In part one on “Choosing the Best Toothbrush” we discussed options for the very healthy patient. Those folks are definitely in the minority. Study after study reports that 75% – 80% of the adult population has some form of gum disease. You guys are the ones who need help in choosing the right brush for you.
Frustratingly, I am amazed at how few dental patients do actually ask their dentist or hygienist for advice about which brush is best for them. Most Americans make their toothbrush purchase decisions based upon a 30 second TV ad, or a flashy magazine ad that tells them“This is the brush for you”.
I do not blame the general public alone for failing to consult more frequently with their dentist and their dental team while shopping for a toothbrush. I travel around the country lecturing to other dental practice teams about Gum Care. I find that few dental offices offer education for their patients on which toothbrushes would perform best for each individual patient with gum problems or cavity problems.
Which toothbrush is best for you depends on how healthy your mouth is and what types of problems you have. You might have reasonably healthy gums, but a lot of cavities. Or, you may have few cavities and gum problems. Or, you might have both bad teeth and bad gums.
Let’s focus on gum problems. If you are a high plaque patient with bleeding gums then you probably have a higher propensity towards gingivitis. Over time, if left unchecked, gingivitis can progress to gum disease, bone loss, loose teeth and eventually tooth loss. You may not have been blessed in the gene pool for fighting gum problems.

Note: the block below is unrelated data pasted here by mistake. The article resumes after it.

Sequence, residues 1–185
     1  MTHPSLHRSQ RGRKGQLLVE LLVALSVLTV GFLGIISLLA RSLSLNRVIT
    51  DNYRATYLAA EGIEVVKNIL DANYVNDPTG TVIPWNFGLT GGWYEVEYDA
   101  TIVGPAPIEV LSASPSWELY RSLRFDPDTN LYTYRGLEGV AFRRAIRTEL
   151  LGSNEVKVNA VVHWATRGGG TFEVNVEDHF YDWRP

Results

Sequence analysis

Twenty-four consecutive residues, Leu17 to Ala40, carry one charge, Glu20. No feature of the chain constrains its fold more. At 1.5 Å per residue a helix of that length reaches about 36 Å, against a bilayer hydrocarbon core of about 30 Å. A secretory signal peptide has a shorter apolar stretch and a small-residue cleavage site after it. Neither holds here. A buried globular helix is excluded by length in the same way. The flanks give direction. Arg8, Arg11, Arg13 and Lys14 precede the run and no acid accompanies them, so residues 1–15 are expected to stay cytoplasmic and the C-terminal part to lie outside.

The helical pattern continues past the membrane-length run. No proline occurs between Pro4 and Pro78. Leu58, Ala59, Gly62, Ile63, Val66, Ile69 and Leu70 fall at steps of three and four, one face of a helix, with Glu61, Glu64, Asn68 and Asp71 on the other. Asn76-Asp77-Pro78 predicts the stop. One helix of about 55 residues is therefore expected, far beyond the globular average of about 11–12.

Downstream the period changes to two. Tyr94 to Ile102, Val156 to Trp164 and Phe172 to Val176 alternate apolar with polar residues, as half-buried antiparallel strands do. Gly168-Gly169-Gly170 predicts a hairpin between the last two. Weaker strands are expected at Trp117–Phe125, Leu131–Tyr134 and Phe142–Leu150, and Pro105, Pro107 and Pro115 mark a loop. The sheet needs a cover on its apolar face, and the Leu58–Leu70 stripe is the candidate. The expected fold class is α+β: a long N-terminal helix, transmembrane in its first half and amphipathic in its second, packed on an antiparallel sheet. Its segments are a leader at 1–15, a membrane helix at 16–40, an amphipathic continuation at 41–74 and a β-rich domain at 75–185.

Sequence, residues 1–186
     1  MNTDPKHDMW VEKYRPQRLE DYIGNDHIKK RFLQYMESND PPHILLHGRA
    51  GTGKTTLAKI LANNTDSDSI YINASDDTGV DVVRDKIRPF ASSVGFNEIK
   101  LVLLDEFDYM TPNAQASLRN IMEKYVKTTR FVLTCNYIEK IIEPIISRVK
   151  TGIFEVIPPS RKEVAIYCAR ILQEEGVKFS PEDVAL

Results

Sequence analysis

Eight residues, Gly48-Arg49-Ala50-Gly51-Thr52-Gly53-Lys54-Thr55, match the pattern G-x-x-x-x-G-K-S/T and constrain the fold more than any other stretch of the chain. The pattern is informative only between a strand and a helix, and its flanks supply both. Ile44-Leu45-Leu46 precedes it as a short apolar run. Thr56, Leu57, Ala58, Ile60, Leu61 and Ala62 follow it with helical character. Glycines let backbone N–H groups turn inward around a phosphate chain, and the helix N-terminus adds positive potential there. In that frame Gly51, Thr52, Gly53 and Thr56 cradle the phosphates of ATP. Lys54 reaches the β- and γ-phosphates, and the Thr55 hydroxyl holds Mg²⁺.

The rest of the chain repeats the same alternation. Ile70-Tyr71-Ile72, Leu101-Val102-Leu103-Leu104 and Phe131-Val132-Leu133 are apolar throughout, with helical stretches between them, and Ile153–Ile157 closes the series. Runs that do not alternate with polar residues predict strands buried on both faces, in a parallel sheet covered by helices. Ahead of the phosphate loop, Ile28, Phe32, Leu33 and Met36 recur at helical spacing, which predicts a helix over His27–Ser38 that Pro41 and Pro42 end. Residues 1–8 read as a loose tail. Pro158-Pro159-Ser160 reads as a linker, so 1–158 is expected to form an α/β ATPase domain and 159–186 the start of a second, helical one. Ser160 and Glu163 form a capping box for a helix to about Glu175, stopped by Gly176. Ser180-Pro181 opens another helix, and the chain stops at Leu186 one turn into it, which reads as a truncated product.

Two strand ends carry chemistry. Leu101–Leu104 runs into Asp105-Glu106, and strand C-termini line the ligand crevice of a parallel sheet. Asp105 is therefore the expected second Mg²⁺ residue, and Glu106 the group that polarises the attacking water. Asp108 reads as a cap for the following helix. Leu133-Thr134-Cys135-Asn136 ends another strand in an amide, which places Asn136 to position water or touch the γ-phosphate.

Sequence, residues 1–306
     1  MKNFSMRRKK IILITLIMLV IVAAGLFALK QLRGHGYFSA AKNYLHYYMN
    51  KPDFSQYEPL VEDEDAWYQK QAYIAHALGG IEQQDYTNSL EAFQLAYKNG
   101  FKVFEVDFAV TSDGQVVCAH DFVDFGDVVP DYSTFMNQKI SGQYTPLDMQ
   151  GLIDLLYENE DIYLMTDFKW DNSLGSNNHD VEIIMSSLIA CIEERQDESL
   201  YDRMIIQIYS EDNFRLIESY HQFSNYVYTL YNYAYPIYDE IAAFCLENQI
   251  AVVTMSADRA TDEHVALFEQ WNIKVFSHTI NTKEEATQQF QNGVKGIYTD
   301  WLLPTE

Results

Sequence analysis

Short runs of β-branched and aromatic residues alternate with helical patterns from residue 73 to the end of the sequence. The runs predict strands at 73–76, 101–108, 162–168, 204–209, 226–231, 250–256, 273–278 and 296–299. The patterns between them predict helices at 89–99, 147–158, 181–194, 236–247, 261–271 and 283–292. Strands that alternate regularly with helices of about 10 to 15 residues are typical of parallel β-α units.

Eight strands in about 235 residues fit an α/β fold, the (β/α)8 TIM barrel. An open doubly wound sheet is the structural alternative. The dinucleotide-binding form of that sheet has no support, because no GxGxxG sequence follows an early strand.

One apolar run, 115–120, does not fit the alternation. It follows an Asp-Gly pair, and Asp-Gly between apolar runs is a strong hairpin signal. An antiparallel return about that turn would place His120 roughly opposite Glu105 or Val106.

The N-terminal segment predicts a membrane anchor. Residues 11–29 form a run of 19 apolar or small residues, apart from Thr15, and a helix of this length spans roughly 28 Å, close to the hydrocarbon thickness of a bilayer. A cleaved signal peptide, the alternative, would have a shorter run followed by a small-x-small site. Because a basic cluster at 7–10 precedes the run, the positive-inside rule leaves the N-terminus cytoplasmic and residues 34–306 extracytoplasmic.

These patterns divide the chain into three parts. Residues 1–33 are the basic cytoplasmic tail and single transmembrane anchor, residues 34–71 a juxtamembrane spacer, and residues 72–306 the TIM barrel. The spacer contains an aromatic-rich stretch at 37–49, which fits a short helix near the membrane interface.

If you are more susceptible to gingivitis and periodontal disease, then you need to see your dentist more often and follow a very specific, and beneficial home care routine. And, most importantly you need to engage your dental team in a conversation about what toothbrush is indeed best for you. If you are an avid flosser who flosses and utilizes in-between the tooth pics and cleansing tools daily, then you can stick with a pretty basic tooth brush.
But, if you do not floss well (like 95% of the USA population) then you would benefit most from a toothbrush that removes 92% of your sticky tooth plaque in one minute. You would benefit from a toothbrush that cleans not only the front and back of the teeth, but in-between your teeth as well, where the floss you do not use should be going. You would benefit from a soft tooth brush that absorbs the gum medicines that your dentists prescribes and burnishes them directly into the tooth assuring that the meds do their job. You would benefit most from a Rotadent toothbrush.
We prescribe the Rotadent electric toothbrush for all of our dental patients who suffer from gingivitis, gum disease and who do not floss well or regularly. It is the only toothbrush that gently cleans all of the tooth surfaces, including in-between the teeth.
We love pink, healthy gums in our practice. And we have done the homework for you to find what brush works best for you.
To learn more about which toothbrush is best for you, just ask your dentist and your hygienist…before you spend upwards of $150.00 and more on something that is not right for you.
Peter Vanstrom, DDS